We are back into very cold weather after a few days of thawing last week.  It was 9 F this morning and the bad news is that 9 is the high for today.  At 10 AM it was 1 deg despite the sun.  The colder it is the more birds are at the feeder.  I saw some courtship behavior last week with a pair of cardinals.  The male and female were both at the feeder and the male fed the female a seed.  That is definitely courtship/mating behavior.  Bird behavior is almost always related to food/survival or breeding.  The Fee-bee call of the Black Capped Chickadee or Parus atricapillus is a call given by the male Chickadees to establish territory and warn off other birds. The familiar Chickadee-dee-dee call from which the Chickadee has its name is used by both male and female birds.  This call is used by both male and female to keep flock together as they feed and search for food. 
We are continuing in our quest to attract Baltimore Orioles to the feeder.  I read in Birds and Blooms that the earlier you put out the oranges and grape jelly, the better your chances of attracting these orange and black beauties.  Bob bought an inexpensive ($10) suet feeder and adapted it for orange halves.  He added a perch to it and hung it on the hook we have for the hummingbird feeder which won’t be out for a month or so.  Today the orange is frozen solid but we keep hoping…and hoping.

The caged bird sings with a fearful trill
of things unknown but longed for still
and his tune is heard on the distant hill
for the caged bird sings of freedom.”
Maya Angelou, I Know Why the Caged Bird Sings

Eyelet Yoke Baby Cardigan by Carol Barenys and Beret by Hannah Fettig
Beret Button on top!

Needle Notes
Berocco Comfort DK
Babies who Lunch by Sublime
Elizabeth Zimmermann Baby Sweater on Two Needles (February) in Knitter’s Almanac
Beret from Mabel’s Closet by Hannah Fettig
Prairie Piper’s Beret
Babies Who Lunch Sweater by Sublime

Detail of tricky trim

The Blethering Room
Thank you so much for a wonderful and restful podcast. I thoroughly enjoy it!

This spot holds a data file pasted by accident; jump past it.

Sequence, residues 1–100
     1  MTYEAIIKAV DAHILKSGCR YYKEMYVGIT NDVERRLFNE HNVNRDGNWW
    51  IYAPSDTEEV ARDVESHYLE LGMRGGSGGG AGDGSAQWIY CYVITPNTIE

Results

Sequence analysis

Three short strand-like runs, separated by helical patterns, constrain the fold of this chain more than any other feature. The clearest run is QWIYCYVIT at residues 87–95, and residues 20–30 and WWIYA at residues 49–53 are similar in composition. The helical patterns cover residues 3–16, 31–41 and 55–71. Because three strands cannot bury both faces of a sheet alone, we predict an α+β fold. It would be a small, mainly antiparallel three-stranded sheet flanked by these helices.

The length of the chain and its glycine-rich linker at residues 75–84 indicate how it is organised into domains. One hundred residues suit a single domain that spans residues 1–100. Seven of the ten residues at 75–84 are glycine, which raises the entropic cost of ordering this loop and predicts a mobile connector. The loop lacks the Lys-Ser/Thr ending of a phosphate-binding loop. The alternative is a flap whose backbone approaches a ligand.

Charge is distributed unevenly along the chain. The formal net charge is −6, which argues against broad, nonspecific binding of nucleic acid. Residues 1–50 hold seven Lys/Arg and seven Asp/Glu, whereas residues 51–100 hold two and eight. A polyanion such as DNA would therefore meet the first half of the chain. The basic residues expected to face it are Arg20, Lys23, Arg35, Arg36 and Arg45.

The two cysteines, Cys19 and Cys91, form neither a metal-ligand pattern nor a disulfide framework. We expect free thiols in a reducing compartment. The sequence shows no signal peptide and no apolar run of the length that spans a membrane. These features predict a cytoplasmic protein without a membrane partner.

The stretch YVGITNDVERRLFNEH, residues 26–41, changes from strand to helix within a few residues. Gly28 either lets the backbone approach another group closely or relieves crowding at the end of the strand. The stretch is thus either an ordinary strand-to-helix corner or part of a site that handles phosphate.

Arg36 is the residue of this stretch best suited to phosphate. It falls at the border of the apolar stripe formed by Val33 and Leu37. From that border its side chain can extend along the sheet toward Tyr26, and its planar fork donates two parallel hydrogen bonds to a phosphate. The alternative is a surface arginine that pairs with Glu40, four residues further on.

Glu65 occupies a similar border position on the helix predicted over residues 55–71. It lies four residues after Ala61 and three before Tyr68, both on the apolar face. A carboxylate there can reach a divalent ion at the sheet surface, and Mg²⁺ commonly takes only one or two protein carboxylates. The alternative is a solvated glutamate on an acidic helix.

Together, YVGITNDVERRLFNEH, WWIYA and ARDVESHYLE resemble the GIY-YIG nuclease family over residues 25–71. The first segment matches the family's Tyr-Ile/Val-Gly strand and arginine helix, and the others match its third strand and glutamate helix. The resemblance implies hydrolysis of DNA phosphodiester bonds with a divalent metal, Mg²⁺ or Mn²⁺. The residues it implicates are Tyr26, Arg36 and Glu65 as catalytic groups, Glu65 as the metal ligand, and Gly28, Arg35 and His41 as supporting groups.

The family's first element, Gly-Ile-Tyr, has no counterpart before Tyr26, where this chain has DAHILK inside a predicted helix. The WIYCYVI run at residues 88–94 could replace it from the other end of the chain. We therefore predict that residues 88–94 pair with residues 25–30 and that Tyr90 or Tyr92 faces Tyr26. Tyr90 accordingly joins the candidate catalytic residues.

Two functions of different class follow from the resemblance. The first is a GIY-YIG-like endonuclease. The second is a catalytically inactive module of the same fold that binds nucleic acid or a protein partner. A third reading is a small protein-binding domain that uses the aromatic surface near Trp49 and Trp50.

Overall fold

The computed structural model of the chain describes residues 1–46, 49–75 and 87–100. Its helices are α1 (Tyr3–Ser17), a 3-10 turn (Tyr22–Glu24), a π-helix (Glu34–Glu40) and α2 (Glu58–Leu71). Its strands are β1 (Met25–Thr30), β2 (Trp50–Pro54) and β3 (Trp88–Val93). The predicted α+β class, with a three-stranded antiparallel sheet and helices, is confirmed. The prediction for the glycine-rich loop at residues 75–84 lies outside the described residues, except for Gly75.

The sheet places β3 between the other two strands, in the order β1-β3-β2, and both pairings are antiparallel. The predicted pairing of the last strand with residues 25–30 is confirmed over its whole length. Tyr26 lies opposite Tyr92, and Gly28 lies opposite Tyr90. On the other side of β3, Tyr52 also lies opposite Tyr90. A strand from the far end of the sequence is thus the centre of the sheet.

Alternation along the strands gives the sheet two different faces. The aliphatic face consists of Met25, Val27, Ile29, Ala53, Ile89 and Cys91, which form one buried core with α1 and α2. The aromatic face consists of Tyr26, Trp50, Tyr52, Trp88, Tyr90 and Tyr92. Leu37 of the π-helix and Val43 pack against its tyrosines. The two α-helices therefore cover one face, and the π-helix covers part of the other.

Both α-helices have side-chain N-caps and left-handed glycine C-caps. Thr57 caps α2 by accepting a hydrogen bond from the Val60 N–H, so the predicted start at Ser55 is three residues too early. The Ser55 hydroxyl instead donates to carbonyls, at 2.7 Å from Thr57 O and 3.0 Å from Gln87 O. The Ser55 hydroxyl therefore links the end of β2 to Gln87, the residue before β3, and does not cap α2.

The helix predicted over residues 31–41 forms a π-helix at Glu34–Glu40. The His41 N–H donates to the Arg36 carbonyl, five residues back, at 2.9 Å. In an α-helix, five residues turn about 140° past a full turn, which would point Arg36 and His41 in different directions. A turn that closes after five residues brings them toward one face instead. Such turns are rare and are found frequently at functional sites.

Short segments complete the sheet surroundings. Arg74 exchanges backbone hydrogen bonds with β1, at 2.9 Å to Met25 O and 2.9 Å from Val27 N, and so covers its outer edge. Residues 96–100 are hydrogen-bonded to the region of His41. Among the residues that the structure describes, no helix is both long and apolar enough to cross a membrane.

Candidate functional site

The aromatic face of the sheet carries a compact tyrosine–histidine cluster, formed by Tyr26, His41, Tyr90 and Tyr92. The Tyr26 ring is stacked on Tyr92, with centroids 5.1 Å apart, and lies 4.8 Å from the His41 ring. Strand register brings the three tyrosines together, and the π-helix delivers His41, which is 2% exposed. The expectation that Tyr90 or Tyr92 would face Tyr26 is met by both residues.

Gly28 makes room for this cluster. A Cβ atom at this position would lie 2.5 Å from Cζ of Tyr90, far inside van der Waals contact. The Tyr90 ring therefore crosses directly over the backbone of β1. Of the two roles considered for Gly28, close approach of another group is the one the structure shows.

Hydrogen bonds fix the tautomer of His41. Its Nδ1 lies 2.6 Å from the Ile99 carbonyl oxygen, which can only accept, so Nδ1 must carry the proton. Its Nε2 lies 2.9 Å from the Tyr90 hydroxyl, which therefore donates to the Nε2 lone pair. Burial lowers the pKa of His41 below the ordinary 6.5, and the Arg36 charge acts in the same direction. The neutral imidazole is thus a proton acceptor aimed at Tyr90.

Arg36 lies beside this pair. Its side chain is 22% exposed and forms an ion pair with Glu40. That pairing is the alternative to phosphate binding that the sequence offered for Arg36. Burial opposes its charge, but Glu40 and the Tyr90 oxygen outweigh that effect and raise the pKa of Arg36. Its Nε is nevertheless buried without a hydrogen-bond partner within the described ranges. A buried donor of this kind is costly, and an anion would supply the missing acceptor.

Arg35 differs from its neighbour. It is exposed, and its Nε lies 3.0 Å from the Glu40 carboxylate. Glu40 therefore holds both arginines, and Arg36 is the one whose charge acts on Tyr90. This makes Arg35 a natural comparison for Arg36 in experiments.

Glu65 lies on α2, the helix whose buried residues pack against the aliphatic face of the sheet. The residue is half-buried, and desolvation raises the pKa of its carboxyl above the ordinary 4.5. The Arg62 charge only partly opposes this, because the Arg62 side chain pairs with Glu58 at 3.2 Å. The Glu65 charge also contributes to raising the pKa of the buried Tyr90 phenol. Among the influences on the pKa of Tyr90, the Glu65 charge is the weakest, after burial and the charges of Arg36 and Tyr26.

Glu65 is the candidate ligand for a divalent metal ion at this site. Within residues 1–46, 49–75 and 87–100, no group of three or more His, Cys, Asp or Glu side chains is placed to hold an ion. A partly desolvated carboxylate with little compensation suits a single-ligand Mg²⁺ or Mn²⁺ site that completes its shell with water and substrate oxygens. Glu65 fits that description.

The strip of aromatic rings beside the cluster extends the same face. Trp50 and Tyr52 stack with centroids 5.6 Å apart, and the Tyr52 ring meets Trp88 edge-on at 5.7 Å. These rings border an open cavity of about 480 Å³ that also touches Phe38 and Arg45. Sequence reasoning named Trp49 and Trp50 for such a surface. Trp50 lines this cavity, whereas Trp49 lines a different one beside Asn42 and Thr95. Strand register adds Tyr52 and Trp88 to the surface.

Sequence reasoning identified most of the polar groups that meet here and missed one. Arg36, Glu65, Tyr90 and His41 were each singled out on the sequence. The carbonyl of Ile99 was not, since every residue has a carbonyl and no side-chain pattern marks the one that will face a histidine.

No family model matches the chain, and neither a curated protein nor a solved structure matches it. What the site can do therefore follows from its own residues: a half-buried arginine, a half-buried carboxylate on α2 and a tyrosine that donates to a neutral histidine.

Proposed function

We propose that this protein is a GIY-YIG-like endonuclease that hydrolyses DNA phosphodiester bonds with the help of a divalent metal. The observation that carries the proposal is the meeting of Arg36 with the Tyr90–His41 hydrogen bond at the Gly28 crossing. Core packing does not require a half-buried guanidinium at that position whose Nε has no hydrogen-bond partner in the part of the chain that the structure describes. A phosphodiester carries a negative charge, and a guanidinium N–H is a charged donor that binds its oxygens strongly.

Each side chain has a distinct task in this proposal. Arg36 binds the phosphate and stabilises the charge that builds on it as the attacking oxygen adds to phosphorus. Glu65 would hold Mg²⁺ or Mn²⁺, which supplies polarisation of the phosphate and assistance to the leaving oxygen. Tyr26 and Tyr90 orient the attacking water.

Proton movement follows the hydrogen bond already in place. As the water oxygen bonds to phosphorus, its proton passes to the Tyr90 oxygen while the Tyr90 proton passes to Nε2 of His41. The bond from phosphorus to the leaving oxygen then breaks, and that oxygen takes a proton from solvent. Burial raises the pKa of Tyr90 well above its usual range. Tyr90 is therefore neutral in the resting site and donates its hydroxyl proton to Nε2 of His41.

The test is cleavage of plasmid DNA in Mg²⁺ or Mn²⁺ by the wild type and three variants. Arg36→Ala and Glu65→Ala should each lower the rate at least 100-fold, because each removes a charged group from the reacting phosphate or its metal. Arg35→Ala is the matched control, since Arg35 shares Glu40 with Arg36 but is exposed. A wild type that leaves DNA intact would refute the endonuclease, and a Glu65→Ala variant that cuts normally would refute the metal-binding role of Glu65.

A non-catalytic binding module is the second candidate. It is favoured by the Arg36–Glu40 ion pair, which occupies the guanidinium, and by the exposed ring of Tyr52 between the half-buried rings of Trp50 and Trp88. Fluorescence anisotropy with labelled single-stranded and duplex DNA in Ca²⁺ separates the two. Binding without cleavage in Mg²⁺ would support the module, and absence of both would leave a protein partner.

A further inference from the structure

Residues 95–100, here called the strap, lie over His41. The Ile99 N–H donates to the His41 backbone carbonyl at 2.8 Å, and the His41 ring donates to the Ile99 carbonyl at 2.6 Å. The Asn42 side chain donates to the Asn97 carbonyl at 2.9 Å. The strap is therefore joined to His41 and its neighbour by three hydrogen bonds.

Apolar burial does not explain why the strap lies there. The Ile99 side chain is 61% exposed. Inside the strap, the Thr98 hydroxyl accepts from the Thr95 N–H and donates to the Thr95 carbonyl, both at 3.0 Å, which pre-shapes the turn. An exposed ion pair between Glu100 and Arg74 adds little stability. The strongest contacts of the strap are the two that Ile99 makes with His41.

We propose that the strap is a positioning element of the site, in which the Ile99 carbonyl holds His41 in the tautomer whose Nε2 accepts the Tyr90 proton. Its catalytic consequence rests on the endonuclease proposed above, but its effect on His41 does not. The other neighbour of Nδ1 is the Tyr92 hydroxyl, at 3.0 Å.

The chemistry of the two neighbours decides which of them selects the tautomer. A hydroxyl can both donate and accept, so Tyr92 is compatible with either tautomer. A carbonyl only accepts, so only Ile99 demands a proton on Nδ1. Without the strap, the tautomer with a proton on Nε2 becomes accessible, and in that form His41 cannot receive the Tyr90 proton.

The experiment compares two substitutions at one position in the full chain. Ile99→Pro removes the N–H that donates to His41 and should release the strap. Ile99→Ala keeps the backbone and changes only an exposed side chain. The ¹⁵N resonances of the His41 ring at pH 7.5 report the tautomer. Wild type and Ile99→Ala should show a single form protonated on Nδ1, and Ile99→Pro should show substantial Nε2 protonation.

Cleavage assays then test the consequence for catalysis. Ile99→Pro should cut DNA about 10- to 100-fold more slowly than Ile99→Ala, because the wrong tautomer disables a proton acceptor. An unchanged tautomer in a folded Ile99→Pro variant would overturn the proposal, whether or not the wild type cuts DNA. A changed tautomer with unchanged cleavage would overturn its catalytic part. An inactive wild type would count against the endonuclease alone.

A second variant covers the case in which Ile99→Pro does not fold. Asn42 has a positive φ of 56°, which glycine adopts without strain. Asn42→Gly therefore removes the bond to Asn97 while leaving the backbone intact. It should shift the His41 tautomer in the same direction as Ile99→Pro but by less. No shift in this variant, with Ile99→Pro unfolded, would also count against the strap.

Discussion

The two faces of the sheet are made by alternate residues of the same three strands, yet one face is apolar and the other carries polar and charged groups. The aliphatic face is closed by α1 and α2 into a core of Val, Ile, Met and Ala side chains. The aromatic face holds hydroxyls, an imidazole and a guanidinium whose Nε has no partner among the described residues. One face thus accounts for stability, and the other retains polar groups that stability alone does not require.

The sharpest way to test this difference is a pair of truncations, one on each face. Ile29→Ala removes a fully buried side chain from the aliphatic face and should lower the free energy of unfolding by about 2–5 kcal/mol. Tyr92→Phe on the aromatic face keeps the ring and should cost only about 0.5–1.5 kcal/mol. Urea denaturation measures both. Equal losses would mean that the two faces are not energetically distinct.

I’m posing a question some of my most favorite podcasts, and I’d like your opinion on the subject.
About 10 years ago, I knit a scarf--a friend of my parents taught me how to knit back and forth, Continental style. That knit stitch is the only thing I know how to do, as well as one form of cast-on and a cast-off I invented because I didn’t have any assistance, and didn’t think to look online. Since then, I’ve not knitted, but I have learned to crochet some basic shapes and toys. I’m also learning the basics of spinning, which I LOVE.
Listening to fiber arts podcast has convinced me that knitted socks and sweaters must be about the most wonderful thing on the planet, and I’d like to learn. If you were going to start a young adult with extremely minimal experience on the wonderful path of lifelong knitting, where would you start--specifically, what sock pattern/yarn/needle combo would be simple, rewarding, and do-able without becoming a massive frustration (understanding that patience is necessary)? I’m sure that sweaters are more complicated and varied, but do you have a similar preference for a first sweater? Finally, are there some things I should try before I tackle socks?
Thank you so much!
  •    Not a scarf!
  • ·        Mildred Mitts.  Instant gratification
  • ·        Hat with color pattern
  • ·        Triangular or crescent shawl (not rectangular as that is like a huge scarf).
  • ·        Find yarn and color you love
  • ·        No artsy yarns.  Something smooth and not slippery. Wool is my preference.
  • ·        Find a project you LOVE and want to wear. Make it for yourself because no one will appreciate it as much as you will.  Lots of people fall in love with knitting socks and you can too.  You might try starting out with sport weight or even worsted weight socks.
  • ·        Pipeliners what do you suggest?

Have a great week, haste ye back, and hold your knitting close.

1 comment:

Martha said...

Paula, loved your two baby sweaters. Admire all your beautiful work. Thanks for nature notes. Your birdfeeders are a great source of fun for everyone. Wonderful show as always. You are a love. xxoo, Martha

About Me

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I play the Great Highland Pipes, knit, observe nature, and read. My name on Ravelry is PrairiePiper. Find me on Instagram as KnittingPipeline.